Mary Daly’s book The Slow Failure deals with independent Ireland’s continued population decline in the twentieth century.1 The fall in population that she discusses was a continuation of an ongoing trend that had been set in place by the Great Famine and that gathered pace during the latter half of the nineteenth century. Despite the virulence of the demographic hemorrhage, it soon became apparent that the differing spatial impacts of the Famine earlier noted were leading to lasting differences in the event’s historical footprint.

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11 Belfast through the Troubles: Socioeconomic Change, Segregation, and Violence

Ian N. Gregory Indiana University Press ePub

11

The city of Belfast provides an illustration of much of the division and interdependence that have taken place in Ireland over the last two centuries. Belfast’s success as an industrial city did much to separate the economy and outlook of the Protestant northeast of Ulster from the rest of Ireland. That success had much to do with developing strong links between this part of Ireland and Britain, but it also brought many Catholics from elsewhere in Ireland to the city in search of jobs. This left Belfast with complex spatioreligious patterns that, when the Troubles started in the late 1960s, were particularly contested, resulting, as chapter 10 identified, in the city being the focus for much of the ensuing violence. Over the same period, as described in chapter 9, Belfast went through a period of rapid deindustrialization. Against this background, this chapter first examines the evolving religious geography of the city and related developments in residential segregation. Second, it considers how Belfast has changed socially and economically over the thirty-year period between 1971 and 2001. Third, it looks at the patterns of violence within the city. Finally, the chapter draws these themes together to show how changing spatioreligious patterns and levels of residential segregation are related to wider socioeconomic trends, thereby trying to set Belfast’s experience within the broader context of urban change as observed in other societies.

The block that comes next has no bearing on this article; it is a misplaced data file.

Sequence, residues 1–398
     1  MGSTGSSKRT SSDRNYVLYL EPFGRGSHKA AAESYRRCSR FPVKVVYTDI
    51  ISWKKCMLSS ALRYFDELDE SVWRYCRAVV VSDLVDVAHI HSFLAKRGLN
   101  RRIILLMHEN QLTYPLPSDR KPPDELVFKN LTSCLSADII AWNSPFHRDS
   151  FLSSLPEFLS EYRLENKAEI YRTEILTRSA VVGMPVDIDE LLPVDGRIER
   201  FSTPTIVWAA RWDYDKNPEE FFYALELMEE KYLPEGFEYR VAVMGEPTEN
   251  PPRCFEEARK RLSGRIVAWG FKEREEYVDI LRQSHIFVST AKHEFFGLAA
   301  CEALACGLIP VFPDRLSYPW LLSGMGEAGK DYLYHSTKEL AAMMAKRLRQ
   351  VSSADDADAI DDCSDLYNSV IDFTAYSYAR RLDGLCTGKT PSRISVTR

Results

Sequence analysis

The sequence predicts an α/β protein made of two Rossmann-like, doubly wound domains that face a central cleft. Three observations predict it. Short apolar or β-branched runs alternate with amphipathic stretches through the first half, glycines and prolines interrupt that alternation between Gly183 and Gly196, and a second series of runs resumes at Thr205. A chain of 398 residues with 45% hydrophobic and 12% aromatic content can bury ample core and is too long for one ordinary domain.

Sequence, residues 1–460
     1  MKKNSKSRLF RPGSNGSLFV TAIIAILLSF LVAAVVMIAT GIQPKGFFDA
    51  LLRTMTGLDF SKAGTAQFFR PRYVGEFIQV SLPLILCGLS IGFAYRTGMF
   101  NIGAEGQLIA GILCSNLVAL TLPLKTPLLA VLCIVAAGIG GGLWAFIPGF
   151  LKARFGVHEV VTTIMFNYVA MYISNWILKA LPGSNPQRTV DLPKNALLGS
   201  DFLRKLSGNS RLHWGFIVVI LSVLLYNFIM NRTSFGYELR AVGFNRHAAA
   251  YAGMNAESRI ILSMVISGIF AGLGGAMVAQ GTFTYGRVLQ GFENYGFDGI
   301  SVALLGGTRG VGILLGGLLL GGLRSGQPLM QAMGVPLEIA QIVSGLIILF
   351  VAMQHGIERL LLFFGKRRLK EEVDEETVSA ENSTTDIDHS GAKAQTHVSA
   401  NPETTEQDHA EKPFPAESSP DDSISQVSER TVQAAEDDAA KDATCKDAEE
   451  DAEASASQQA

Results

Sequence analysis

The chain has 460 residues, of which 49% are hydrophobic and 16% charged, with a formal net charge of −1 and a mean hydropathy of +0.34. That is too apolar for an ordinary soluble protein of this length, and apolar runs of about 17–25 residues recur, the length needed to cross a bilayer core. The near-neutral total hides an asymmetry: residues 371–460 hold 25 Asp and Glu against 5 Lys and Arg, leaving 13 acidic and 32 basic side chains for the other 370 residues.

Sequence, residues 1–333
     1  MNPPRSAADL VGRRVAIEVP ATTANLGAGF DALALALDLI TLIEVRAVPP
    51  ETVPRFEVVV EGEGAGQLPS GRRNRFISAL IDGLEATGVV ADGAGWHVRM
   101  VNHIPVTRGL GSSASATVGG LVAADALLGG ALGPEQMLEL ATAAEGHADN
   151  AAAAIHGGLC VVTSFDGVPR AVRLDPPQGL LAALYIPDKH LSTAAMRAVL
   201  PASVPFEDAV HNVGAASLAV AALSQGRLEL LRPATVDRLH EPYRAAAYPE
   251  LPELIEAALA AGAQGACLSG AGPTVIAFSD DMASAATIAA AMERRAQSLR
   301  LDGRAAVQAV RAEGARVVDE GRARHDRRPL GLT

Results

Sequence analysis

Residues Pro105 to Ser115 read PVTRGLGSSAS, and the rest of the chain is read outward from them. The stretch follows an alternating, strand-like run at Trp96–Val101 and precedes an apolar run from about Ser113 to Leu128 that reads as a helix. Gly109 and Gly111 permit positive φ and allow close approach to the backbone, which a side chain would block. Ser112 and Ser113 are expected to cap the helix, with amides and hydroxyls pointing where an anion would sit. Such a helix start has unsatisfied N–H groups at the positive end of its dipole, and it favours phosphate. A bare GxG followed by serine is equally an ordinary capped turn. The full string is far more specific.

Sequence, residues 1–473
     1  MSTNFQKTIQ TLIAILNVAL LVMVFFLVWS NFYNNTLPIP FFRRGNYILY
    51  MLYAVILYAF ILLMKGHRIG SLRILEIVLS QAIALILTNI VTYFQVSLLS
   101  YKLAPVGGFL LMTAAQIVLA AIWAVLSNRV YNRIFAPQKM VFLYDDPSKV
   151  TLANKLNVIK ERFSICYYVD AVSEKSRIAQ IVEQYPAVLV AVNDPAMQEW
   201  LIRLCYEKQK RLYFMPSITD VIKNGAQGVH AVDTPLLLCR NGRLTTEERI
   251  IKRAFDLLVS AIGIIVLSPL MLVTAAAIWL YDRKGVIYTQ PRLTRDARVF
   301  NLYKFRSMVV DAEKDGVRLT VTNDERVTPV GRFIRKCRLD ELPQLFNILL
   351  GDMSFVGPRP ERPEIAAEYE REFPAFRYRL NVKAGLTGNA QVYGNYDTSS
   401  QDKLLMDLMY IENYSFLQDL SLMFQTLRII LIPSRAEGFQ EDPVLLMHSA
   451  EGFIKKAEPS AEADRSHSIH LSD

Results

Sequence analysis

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7 Division and Continuity, 1920s to 1960s

Ian N. Gregory Indiana University Press ePub

7

The Boundary Commission of 1925 confirmed the territorial settlement of Partition. Ireland would remain divided. In many ways Northern Ireland and the Irish Free State had the same central problem at the start of this period: the 1921 treaty had created two states, but it had not created two nations.1 Religious geographies had determined the spatial extents of both jurisdictions, but the choice for both the north and south was how to forge their own identities and the extent to which these identities would be defined by the sectarianism of their geneses. The new formalized division of Ireland was, as we have seen, about more than just religion—it closely reflected the social and economic divisions of the island as well. A second challenge was thus to develop their separate economies. A final question was whether Partition would mark a new beginning for Ireland or whether it would simply continue the trends that had been developing since the mid-nineteenth century.